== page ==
The automakers Renault and Nissan have agreed to a profound reorganization of the alliance that they sealed more than two decades ago.
The French group will reduce the shares in its Japanese partner from 43% to 15%, so that the two will have the same participation in the other company, as announced this Monday in a statement.
With this agreement, Nissan achieves its goal of rebalancing a relationship that has not been without tension in recent years and Renault gets its ally to invest in its electric car business unit.
The Japanese manufacturer had been trying to limit the control of the French firm in its management for some time, a situation that has always been a source of friction between the two firms.
From now on the companies will be treated as equals: they will have voting rights equal to their 15% stake, no more.
In Renault's current dominant scheme over Nissan, the Japanese firm had no voting rights in the French group.
The companies ensure that this agreement guarantees "balanced governance".
The remaining 28.4% of Renault's stake in Nissan will be transferred to a French trust, where voting rights will be "neutralized" for most decisions, while maintaining economic rights (dividends and income from share sales).
"Renault will instruct the trustee to sell these Nissan shares if economic conditions are reasonable for Renault, in an organized and orderly process, but there will be no obligation to sell its shares within a specific predetermined period," the companies state.
The operation is pending the approval of the boards of directors of Renault and Nissan.
The executives of the two companies have been working on the agreement for months, the objective of which is to "strengthen the ties of the alliance and maximize the creation of value for all parties."
Renault manages, in exchange for giving up its primacy in the alliance, for Nissan to invest in Ampere, the French firm's electric car development business unit, "with the aim of becoming a strategic shareholder."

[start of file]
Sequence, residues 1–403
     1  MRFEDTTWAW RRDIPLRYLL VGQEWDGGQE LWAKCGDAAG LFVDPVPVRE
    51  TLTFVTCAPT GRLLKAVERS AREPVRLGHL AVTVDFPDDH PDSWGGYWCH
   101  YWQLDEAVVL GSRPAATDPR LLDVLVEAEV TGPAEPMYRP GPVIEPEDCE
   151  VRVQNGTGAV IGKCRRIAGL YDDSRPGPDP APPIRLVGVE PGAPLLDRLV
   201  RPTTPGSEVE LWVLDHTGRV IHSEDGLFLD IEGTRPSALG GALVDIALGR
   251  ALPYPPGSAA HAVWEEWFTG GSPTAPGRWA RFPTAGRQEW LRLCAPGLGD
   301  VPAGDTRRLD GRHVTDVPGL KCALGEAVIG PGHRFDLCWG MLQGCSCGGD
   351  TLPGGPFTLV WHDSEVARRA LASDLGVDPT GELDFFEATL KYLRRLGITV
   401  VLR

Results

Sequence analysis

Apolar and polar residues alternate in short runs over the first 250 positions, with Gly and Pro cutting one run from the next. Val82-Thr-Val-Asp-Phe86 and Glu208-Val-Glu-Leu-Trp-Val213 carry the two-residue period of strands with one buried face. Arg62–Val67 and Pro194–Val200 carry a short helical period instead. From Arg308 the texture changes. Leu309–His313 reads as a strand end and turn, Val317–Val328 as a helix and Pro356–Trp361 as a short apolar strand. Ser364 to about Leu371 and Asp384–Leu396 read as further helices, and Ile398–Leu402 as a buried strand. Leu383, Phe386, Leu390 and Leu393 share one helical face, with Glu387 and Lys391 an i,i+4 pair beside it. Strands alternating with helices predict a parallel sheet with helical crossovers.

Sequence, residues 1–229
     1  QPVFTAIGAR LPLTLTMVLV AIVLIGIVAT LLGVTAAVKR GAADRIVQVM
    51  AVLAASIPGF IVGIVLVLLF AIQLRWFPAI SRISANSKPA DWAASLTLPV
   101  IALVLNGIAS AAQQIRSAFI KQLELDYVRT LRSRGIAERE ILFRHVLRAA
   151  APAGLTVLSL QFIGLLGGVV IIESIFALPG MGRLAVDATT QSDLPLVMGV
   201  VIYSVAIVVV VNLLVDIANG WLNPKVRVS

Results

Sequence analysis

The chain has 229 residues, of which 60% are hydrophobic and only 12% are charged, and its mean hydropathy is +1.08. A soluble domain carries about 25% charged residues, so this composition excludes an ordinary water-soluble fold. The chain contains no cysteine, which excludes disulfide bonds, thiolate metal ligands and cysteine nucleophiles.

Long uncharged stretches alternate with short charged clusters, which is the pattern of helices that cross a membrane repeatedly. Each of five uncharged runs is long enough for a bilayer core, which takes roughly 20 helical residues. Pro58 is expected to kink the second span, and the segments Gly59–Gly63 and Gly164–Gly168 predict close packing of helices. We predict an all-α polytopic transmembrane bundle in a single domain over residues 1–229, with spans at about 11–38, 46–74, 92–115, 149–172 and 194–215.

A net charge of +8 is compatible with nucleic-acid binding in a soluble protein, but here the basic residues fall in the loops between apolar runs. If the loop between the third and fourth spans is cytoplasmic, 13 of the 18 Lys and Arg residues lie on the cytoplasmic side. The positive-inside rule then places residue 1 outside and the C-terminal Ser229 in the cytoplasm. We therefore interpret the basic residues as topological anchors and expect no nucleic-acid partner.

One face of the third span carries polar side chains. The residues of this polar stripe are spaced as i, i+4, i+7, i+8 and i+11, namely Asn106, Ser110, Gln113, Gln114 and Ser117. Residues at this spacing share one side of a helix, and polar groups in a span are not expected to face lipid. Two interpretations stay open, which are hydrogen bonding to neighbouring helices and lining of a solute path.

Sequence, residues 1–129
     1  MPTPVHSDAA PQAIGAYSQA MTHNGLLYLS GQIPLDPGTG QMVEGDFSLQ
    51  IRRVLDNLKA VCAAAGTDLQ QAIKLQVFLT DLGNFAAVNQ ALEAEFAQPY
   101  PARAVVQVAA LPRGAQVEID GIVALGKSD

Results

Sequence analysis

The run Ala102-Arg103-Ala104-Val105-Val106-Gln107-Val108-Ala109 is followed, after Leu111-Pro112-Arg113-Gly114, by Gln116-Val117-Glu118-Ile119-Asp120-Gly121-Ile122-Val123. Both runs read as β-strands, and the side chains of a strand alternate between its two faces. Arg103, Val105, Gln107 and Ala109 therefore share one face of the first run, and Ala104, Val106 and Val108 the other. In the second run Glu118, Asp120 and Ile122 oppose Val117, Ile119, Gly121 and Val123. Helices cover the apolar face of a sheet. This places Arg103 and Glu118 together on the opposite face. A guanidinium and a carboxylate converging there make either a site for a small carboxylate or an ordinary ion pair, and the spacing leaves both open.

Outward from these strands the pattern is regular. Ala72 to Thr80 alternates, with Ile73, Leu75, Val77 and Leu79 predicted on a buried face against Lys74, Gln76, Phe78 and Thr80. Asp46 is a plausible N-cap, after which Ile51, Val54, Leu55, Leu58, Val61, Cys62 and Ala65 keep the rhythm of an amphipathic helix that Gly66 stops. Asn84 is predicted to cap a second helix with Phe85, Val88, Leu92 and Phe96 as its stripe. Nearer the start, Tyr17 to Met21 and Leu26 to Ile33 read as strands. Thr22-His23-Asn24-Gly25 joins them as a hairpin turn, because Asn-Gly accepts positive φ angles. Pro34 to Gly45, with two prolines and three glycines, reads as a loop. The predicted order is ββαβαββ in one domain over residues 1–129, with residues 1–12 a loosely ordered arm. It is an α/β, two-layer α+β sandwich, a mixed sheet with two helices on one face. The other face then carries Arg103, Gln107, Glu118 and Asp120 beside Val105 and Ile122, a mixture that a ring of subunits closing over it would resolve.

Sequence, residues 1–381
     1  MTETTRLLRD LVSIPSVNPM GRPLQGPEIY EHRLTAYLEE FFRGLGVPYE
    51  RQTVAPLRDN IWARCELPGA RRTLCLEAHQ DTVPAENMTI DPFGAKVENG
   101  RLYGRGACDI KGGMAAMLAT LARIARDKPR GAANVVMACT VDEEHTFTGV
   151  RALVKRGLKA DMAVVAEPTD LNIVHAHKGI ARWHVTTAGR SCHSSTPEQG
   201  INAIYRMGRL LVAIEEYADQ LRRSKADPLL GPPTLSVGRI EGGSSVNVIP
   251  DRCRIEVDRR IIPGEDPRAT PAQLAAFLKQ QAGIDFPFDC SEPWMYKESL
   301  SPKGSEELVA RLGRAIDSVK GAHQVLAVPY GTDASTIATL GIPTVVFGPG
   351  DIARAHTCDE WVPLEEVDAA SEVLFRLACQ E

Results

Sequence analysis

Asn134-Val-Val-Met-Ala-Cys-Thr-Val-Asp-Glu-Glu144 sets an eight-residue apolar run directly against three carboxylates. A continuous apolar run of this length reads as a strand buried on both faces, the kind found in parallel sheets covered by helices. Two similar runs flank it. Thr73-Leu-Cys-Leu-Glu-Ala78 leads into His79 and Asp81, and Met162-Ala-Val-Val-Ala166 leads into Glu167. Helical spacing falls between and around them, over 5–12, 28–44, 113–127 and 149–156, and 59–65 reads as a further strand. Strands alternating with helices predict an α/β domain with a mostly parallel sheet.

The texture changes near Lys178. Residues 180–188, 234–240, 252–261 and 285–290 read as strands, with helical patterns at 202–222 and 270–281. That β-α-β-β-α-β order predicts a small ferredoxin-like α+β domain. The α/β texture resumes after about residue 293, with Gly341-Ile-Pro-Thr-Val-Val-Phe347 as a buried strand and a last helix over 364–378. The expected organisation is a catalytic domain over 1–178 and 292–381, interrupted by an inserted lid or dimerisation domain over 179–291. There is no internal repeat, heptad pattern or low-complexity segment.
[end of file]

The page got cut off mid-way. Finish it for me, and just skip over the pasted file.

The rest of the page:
The amount of the investment has not been quantified for the moment.
They have also committed to collaborate on a number of joint projects in Latin America, India and Europe.
The pact represents one of the biggest changes in the relationship between the two automobile giants since their alliance was forged in 1999. Then, the French company came to the rescue of the Japanese company, which was experiencing economic problems, with an initial investment of 4,000 million Dollars.
In 2002, Nissan entered the capital of Renault with a 15% stake, but without voting rights.
Over the years, the French firm increased its weight in the capital of its Japanese partner.
Carlos Ghosn, former president of both firms, was one of the main plotters of the alliance and for years he managed to overcome the tensions and suspicions between the two manufacturers, caused on numerous occasions by the imbalance of power between the partners.
Since Ghosn left the group at the end of 2018, after being arrested in Japan for tax fraud, the two companies have negotiated new cooperation formulas - it was even published in the press that the alliance was on the verge of breaking up - and they have added a third leg, Mitsubishi, which cooperates in the development of around thirty electric car models.
One of the most tense moments occurred in 2019, when it emerged that Renault was contemplating a merger that Nissan put a stop to.
The negotiations to reach the agreement announced this Monday have been very tense, both due to differences in intellectual property issues and the valuation of Renault's electric car business, according to sources cited by the Bloomberg agency.
"The rebalancing in the shareholding structure should yesterday make the alliance viable, maintain synergies and open up new strategic opportunities," says Philippe Houchois, an analyst at Jefferies, in a note.
While Nissan has closed with a loss of 0.68% in the Japanese market, Renault's shares have fallen 4.4%, to 36.52 euros, on the Paris Stock Exchange.
The French manufacturer, led by Luca de Meo, had a difficult year last year: in May it announced the sale of its assets to the Russian authorities and to give up vehicle manufacturing in the country, which until then was its second market.
That operation, motivated by the outbreak of the war in Ukraine, has resulted in net losses of 2,200 million euros and led it to register losses of 1,666 million in the first half.
Nissan has also sold all its assets to the Russian state for one euro, with a negative impact on its accounts of 707 million.
The automobile sector is in a delicate moment that also affects Nissan and Renault.
The lack of supply of components and energy and transport costs have had a negative impact on supply, and passenger car registrations fell by 4.6% in the EU, although a rebound was detected at the end of the year , according to the Association of European Automobile Manufacturers.